Like

  4. You so rock this look. I am with you about those boots… swoon… I’d kill for boots like those. I have never seen a long sleeve Mondrian dress either… I like all the different looks and I await your other versions! Merry Christmas.

    Like

  5. I love this dress and the other ones pictured! I don’t remember the long sleeved version but it is superb! You are such an amazing seamstress – I only wish I were half as talented. If I were to send you a link to a shirt i want to try and copy, would you be able to make a suggestion of a pattern to use or start with? I’m in the US so probably don’t have access to the many indie patterns available in Australia. I’ve been fondly folding the silk I purchased in New York last fall to use for the shirt – never sewn on silk before so it will be a real challenge. The shirt I want to copy retails for over $300 USD!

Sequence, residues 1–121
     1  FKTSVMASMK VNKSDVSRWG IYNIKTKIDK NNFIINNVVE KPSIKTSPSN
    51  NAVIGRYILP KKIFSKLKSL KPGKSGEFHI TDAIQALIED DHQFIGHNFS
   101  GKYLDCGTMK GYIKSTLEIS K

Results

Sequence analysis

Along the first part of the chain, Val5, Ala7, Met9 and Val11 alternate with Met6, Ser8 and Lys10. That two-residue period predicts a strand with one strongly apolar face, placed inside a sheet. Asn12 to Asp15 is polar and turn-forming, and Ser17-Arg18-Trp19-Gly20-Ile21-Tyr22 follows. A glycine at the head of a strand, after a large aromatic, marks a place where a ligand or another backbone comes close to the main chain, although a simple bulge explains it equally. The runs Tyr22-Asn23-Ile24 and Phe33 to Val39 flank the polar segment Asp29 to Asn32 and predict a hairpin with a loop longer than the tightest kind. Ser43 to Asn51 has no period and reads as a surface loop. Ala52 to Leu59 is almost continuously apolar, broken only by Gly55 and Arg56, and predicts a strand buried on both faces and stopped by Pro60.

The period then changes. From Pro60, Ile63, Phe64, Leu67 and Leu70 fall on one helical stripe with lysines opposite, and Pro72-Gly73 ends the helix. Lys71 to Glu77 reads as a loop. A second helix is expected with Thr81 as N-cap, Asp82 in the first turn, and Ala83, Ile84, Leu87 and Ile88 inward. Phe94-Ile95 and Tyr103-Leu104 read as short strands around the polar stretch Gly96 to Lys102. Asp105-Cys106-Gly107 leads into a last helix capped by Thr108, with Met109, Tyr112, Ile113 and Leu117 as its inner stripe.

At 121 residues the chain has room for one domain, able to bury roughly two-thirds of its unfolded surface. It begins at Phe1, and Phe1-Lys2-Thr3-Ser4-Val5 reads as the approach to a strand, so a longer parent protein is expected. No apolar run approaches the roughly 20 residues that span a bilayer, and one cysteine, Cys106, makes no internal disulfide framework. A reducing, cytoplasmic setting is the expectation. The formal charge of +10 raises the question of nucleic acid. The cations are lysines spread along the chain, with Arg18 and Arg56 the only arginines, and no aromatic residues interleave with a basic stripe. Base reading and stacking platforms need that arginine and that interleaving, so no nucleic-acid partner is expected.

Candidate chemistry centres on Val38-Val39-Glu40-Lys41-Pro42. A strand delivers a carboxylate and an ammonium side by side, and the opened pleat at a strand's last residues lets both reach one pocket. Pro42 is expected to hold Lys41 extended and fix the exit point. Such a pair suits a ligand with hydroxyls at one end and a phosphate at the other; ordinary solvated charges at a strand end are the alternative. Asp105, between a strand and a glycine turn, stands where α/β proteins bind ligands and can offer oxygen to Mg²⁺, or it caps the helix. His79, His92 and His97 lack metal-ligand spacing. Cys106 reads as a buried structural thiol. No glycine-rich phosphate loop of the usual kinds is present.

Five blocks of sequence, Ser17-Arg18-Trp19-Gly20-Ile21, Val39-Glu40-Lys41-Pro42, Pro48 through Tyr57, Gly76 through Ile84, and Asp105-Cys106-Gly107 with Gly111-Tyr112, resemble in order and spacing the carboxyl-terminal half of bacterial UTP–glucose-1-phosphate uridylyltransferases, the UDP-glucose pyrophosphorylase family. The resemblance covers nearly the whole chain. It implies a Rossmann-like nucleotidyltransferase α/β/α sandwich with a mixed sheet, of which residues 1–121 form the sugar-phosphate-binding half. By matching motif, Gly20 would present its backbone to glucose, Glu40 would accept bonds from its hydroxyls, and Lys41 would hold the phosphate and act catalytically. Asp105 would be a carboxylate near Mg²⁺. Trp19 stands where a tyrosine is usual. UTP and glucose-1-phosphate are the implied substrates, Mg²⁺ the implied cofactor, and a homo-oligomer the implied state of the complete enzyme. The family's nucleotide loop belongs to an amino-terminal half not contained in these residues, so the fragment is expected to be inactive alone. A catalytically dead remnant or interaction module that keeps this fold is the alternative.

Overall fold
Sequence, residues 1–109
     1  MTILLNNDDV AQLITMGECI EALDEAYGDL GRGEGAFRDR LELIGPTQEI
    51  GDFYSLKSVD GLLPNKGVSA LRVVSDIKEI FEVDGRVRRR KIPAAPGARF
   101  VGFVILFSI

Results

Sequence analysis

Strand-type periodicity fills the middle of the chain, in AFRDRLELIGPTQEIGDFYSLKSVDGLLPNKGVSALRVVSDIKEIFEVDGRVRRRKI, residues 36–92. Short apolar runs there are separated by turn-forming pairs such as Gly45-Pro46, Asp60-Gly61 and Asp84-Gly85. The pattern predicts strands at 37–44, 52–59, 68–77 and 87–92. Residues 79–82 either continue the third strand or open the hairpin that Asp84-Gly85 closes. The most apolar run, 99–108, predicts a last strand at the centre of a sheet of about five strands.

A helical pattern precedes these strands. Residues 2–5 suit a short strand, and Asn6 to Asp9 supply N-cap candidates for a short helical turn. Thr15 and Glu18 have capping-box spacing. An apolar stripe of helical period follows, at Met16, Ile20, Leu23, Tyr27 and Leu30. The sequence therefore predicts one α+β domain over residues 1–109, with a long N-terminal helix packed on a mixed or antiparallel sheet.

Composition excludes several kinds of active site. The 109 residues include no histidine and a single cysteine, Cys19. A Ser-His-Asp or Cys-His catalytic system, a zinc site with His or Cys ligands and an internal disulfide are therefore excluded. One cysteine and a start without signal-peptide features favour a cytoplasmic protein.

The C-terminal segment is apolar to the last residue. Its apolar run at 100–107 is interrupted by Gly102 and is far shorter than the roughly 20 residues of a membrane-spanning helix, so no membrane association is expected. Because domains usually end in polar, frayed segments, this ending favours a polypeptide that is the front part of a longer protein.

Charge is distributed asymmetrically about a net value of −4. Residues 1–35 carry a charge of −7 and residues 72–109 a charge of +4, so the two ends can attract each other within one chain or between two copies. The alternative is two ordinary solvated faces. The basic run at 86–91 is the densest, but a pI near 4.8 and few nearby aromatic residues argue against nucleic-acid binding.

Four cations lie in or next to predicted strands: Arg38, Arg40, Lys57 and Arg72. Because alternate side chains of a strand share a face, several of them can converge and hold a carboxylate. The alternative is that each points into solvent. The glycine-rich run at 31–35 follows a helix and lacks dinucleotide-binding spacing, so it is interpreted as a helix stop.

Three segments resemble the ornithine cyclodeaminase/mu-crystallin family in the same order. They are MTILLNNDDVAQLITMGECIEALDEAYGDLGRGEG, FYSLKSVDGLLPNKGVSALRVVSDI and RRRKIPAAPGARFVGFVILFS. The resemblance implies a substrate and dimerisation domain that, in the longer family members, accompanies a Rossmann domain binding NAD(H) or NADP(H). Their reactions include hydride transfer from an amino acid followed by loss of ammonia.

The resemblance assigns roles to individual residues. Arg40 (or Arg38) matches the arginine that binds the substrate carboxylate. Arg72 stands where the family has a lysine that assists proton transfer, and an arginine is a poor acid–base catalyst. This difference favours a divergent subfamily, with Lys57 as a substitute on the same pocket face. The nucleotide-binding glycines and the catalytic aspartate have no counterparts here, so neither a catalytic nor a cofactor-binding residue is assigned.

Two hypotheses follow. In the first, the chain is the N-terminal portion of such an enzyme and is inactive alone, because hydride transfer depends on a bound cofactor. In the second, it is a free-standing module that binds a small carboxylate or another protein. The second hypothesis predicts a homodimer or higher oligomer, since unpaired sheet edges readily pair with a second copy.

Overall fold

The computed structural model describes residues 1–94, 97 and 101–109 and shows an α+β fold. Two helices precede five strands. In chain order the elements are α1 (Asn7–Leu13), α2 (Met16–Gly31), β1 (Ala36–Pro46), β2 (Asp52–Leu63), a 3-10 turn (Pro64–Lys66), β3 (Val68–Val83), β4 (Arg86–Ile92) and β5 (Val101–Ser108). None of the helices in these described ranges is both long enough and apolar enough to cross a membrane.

Martha Ann Murray

    Like

  6. I didn’t know anything about Mondrian dresses, so thank you for enlightening me :). Yours looks lovely, the colors work very well together and those straight lines look amazing!
    I wish you all the best for 2017!

    Like

  7. Oh, I remember these dresses! Yes, from the old, old days. I always dreamed of one….and lo and behold, there’s a pattern. You’ve put it together so beautifully, definitely a stunner out in public! I can’t wait to see your next version (especially a sleeved one).

    Like

  8. Sue the Mondrian dress is a winner!!! Like you, I have loved these dresses since the 60’s. Really impressed with your drafting skills. Dress looks fabulous on you.

    Like

Leave a Reply

Fill in your details below or click an icon to log in:

WordPress.com Logo

You are commenting using your WordPress.com account. Log Out / Change )

Twitter picture

You are commenting using your Twitter account. Log Out / Change )

Facebook photo

You are commenting using your Facebook account. Log Out / Change )

Google+ photo

You are commenting using your Google+ account. Log Out / Change )

Connecting to %s